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How to Introduce a Dog Crate

Published date: 22 February 2024

Introducing a dog to a crate should be done slowly and with patience. Remember the crate should always be seen as a positive place by your dog.

Introducing a Crate

Always introduce the crate gradually and allow your dog to get used to it in their own time. Forcing the issue may make being in their crate feel like a punishment, and crates should be viewed as a positive safe space.

  • Start with the door open, their favourite toys inside (and maybe a natural treat or two), allow them to investigate in their own time and give them lots of praise when they go inside.
  • Once your pup is happily moving in and out of the crate, try closing the door for very small increments of time. When introducing puppies to crate use, start by only leaving them in for a couple of seconds. Leave the room briefly and return with lots of praise!
  • From here, if the puppy is happy you can build up to 15 minutes and increase over the coming weeks to 3 hours maximum.

Some dogs will take quicker to a crate than others, always be positive and patient and your pup will soon love their new bedroom.

What should I put in my dog’s crate?

When setting up your crate you want to ensure it is inviting and comfortable, with somewhere to lie down and support their joints. A soft bed, blanket or specific crate mat will provide soft and cost.

Your pup will also need food and water, if they are spending time in their den with the door shut.

Every dog deserves a toy, the key to choosing toys for the crate is making sure they aren’t too stimulating. Squeaky, flashing and loud toys are likely to overexcite your pooch. Choose a more relaxing and soothing toy such as rope.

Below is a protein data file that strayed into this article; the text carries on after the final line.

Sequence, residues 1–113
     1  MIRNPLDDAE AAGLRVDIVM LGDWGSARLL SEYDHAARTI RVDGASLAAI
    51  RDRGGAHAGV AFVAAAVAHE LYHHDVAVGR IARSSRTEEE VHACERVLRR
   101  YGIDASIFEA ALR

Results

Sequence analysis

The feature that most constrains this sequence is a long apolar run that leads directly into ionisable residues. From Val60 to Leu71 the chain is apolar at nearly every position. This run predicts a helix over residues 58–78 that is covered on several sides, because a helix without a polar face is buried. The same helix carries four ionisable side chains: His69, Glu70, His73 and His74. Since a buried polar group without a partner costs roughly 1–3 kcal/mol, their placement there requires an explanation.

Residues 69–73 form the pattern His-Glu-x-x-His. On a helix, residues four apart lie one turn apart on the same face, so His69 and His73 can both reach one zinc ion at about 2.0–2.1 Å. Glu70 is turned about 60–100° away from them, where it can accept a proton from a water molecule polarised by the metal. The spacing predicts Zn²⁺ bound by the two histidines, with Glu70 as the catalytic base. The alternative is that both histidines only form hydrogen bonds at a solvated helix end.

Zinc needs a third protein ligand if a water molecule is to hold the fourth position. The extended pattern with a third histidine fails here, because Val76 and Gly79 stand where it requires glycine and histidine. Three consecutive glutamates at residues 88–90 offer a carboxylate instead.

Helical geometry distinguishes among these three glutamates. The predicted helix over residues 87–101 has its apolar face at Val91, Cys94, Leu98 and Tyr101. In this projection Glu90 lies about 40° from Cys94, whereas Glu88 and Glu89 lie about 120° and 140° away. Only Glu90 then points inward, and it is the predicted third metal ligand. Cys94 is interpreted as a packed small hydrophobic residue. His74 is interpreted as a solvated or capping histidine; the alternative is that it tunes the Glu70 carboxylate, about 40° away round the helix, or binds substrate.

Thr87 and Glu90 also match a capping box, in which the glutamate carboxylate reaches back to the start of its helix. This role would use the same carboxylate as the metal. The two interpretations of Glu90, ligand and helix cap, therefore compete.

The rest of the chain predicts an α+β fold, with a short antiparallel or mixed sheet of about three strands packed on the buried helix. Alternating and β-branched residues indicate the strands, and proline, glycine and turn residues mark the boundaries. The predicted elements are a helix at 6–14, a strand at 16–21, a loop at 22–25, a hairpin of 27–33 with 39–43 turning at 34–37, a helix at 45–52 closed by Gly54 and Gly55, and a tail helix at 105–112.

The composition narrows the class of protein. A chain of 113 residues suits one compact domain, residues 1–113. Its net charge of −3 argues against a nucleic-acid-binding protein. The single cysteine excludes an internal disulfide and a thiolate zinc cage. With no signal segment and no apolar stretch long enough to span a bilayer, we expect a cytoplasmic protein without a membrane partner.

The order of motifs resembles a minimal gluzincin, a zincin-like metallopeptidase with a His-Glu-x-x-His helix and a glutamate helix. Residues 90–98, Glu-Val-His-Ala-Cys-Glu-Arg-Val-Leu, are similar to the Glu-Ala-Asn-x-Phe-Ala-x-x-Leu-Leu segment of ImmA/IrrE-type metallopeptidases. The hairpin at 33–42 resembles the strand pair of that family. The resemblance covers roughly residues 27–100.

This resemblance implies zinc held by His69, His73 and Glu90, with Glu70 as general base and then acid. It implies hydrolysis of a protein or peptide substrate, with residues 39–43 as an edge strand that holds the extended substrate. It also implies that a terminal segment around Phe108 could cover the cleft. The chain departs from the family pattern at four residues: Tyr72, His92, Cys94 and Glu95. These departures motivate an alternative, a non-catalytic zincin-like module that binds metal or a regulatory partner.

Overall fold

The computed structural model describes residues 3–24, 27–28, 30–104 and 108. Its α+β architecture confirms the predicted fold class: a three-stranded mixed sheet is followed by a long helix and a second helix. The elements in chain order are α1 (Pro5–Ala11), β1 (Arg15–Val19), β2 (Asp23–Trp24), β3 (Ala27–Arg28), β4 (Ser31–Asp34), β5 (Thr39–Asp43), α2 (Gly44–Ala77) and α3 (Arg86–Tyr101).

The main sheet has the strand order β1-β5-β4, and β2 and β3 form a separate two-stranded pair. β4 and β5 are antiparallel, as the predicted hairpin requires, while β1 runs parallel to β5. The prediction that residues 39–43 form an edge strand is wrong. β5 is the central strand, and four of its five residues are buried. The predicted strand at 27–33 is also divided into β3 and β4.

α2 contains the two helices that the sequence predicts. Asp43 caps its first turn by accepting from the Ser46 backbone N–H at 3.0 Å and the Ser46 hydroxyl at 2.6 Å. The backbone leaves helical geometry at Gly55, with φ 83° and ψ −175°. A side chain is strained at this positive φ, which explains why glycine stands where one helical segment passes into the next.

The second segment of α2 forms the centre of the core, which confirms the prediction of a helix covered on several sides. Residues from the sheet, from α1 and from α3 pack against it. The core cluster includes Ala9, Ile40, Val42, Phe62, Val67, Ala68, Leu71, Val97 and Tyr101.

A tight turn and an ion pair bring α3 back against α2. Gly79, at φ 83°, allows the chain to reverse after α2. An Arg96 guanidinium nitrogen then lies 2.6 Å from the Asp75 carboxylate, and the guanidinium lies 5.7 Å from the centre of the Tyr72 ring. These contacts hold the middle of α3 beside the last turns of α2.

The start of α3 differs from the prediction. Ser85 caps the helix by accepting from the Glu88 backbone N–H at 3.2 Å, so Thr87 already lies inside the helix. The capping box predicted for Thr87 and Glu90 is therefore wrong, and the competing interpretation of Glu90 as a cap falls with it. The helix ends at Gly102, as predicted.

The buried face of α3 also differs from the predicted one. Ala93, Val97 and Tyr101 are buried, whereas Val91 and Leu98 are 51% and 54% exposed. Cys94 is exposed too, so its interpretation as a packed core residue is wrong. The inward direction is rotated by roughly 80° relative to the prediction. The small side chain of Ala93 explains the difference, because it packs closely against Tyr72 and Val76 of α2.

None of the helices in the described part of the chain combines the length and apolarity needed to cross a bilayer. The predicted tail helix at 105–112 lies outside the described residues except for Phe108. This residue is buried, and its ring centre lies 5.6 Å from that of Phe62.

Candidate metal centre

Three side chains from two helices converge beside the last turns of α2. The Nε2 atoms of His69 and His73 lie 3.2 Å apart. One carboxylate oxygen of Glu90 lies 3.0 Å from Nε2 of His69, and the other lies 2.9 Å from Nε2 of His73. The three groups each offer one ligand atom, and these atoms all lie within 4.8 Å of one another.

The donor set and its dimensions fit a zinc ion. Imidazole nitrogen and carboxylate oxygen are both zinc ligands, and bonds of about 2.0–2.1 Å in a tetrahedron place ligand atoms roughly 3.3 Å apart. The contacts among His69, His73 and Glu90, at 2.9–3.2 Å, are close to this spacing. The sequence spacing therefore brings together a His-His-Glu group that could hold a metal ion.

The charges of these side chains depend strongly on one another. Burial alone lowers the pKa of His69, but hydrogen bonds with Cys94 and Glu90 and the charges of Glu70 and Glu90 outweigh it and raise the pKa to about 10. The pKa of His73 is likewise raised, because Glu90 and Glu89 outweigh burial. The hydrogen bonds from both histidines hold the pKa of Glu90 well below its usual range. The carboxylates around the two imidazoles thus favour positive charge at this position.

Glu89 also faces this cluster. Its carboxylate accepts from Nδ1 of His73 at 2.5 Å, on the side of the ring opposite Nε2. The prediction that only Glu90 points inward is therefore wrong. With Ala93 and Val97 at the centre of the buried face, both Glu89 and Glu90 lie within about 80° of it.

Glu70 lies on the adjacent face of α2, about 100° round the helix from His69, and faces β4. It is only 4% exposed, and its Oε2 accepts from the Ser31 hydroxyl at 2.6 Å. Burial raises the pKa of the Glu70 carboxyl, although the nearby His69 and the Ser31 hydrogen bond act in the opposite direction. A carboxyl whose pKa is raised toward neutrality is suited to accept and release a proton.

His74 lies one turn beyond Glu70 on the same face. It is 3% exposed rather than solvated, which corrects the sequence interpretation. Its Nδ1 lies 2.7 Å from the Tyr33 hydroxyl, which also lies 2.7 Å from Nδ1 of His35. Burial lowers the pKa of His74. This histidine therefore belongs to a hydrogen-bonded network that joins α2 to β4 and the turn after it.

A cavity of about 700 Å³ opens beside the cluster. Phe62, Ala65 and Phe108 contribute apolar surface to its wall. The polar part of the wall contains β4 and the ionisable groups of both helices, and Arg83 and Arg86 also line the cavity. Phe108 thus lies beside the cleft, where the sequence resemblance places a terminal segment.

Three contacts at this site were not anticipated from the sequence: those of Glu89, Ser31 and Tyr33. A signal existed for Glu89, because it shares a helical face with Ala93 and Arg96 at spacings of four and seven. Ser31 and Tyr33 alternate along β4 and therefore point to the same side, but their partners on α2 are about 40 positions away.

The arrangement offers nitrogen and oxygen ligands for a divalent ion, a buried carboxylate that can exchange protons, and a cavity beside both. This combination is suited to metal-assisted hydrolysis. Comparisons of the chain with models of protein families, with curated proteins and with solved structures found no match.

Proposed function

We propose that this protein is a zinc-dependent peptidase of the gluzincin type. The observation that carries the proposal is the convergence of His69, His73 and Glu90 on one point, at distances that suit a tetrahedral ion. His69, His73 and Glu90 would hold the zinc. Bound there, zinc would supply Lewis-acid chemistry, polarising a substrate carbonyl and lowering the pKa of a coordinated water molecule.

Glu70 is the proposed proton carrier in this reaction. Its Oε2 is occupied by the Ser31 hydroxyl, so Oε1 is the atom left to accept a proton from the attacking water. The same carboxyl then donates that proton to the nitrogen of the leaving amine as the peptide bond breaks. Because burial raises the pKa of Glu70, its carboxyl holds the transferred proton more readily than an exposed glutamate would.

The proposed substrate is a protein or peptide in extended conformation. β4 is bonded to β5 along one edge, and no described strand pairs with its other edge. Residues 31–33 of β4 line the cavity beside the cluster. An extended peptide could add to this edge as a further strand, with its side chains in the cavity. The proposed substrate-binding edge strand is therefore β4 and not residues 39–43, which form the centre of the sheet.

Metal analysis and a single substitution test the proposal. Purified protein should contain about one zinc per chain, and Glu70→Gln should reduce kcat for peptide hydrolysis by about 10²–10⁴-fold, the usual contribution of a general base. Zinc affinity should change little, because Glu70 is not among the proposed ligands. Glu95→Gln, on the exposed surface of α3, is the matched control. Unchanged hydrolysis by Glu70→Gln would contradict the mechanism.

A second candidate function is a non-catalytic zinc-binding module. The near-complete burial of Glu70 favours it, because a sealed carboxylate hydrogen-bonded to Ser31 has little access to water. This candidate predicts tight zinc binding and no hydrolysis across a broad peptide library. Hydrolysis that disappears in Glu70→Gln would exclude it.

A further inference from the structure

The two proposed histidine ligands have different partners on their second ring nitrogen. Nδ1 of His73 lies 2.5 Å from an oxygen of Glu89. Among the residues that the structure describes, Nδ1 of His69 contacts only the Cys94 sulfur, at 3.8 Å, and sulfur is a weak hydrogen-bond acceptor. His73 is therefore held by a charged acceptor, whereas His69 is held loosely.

Where should I put my dog’s crate?

It is essential that your dog still feels a part of the family, even when enjoying time in their crate.

Placing their den in an isolated area of the home can be seen as negative, as dogs feel excluded. Instead, choose somewhere quiet, in the corner of a well-used family space.

The kitchen or living room are perfect places to allow dogs to still feel involved.

How long can I leave my dog in their crate?

Dogs shouldn’t be left in the crate for longer than 3 hours, without a good break for a run, play and wee.

Ideally, dogs should be given a break that is at least equal to the time they have spent in the crate.

Remember crates are management aids and not a way of life!

Top Safety Tips:

  1. Never leave your dog unattended with anything they can chew and eat. Dogs should always be supervised with chews and toys!
  2. Check the safety clips on your crate – does it have clips to hold the base in place? These are designed to help keep the tray in place and to ensure the crate remains strong and in shape. It will also stop the tray from sliding out with a wriggly puppy, meaning they won’t end up sitting on the crate wire! Check out our sturdy crates here.

For more help, read our Guide to Crate Sizes.

Written by Lucy Marcham

Lucy teaches all aspects of the Pets Corner curriculum and specialises in animal nutrition, ensuring that our staff have the right knowledge and understanding of pet diets to assist customers with confidence and care.